Wednesday, April 25, 2007

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The Jonathan Rauch interview

Let me join Andrew Sullivan and Virginia Postrel in linking to this Reason interview with National Jounal columnist Jonathan Rauch. Uneknownst to him, Rauch is partly responsible for the creation of this blog.

Two parts of the interview that stand out. The first reflects Rauch's spot-on take on government:

[R]ight-sizing government, if you mean imposing some preconceived size that you or I or someone else might have, is impossible. Impossible, probably inconceivable and simply not going to happen ever.

When you get right down to it, there doesn't seem to be really much of a constituency in this country for reducing the size of government in painful or unpleasant ways. Even Barry Goldwater, when he ran for president, announced that he wouldn't cut any farm subsidies, for example.

Government is an enormous ecosystem. It is, in its way, as decentralized and unmanageable as the ecosystem out there in nature. You can change the input and you'll get some change in the output, but if I've learned one thing in 25 years in Washington, it's that there far too many interests and actors for any politician to do more than work the margins. But working the margins is very, very important.

In fact, it can be the difference between having a static and enfeebling government--like the government of Japan was until comparatively recently, until the Koizumi period--and a government that gets out of the way enough so that you have room for new technology, new ideas, and some reform.

The second reflects Rauch's wariness of blog triumphalism:
I'm not a fan of the idea that the journalist and the journalist's attitude should be front and center. I think that a good journalist's duty is to get out of the way. The hardest thing about journalism--the hardest thing, a much higher art than being clever--is just to get out of the way, to show the leader of the world as the reader would see it if the reader were there. Just to be eyes and ears. Calvin Trillin, another writer I greatly admired who steered me towards journalism, once said that getting himself out of his stories was like taking off a very tight shirt in a very small phone booth. He's right.

I think Maureen Dowd is very good at what she does. But the problem is that lots of people who aren't any good at it think this is journalism. It's what we should all be doing, showing off our attitude. I think that sets a bad example. The blogosphere tends to further the [notion] that journalism is about opinion and not about fact. I think that's wrong.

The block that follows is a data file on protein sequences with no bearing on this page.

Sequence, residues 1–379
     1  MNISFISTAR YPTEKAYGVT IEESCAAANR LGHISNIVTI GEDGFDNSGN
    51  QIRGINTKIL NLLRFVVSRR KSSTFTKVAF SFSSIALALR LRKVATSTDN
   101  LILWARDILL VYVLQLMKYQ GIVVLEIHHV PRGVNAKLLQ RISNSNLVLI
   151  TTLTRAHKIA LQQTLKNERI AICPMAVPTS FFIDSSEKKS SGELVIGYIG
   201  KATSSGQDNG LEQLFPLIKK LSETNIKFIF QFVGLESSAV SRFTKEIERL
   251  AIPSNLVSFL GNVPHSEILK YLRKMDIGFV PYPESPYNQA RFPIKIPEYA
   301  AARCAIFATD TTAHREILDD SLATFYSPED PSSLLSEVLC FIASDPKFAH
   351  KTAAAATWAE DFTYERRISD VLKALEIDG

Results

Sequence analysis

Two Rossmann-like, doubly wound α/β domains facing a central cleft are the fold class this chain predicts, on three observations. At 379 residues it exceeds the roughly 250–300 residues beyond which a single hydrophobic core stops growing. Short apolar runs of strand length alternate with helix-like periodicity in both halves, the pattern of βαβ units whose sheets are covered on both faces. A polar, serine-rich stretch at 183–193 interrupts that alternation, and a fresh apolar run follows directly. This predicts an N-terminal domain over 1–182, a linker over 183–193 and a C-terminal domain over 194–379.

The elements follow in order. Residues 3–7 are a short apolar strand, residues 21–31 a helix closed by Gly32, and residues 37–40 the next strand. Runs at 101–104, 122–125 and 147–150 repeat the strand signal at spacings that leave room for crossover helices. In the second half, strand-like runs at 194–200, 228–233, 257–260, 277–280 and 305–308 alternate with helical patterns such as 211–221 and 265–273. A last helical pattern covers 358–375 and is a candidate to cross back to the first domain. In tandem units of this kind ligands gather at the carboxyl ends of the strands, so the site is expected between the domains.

Most people think they know truth and think that what they know is right. They're usually wrong. Journalists are among the few people in society who are actually paid to try go out and learn things. Checking is the core of what we do. David Broder once said that the old slogan in journalism is, "If your mother says she loves you, check it."

Read the whole thing.

posted by Dan on 04.25.07 at 03:20 PM


Unfortunately we've got a ticking timebomb in entitlements that is going to make it impossible to ignore the size of government. Either the holiest of the holy, social security gets mucked with significantly, or the house of cards tumbles down. And it will happen in the most prolonged and destructive way- raising taxes enormously which will push us into a spiral of negative growth and recession.

If it wasnt so serious, i'd be fascinated just to see how the next 20 years are going to play out. Western style governments always gravitate towards redistributing wealth from the rich to the middle class- with occasional corruption ridden projects getting to the poor, and even more rarely a truly effective program to benefit the people its billed to benefit. There is going to be a political civil war between middle class baby boomers who want to glom their 30 year retirements on the golf course and in Florida condos against everybody with a job. We are about to see the absurd situation where the young and struggling trying to start families are drowned in debt by the old and relatively wealthy.

posted by: Mark Buehner on 04.25.07 at 03:20 PM [permalink]

"The second reflects Dowd's wariness of blog triumphalism"

You mean Rauch's.

posted by: Pejman Yousefzadeh on 04.25.07 at 03:20 PM [permalink]

Dowd is good at what she does? Then what she does isn't good.

posted by: huggy on 04.25.07 at 03:20 PM [permalink]

"Dowd is good at what she does? Then what she does isn't good."

That was exactly the point I took away from this statement.

posted by: arr-squared on 04.25.07 at 03:20 PM [permalink]

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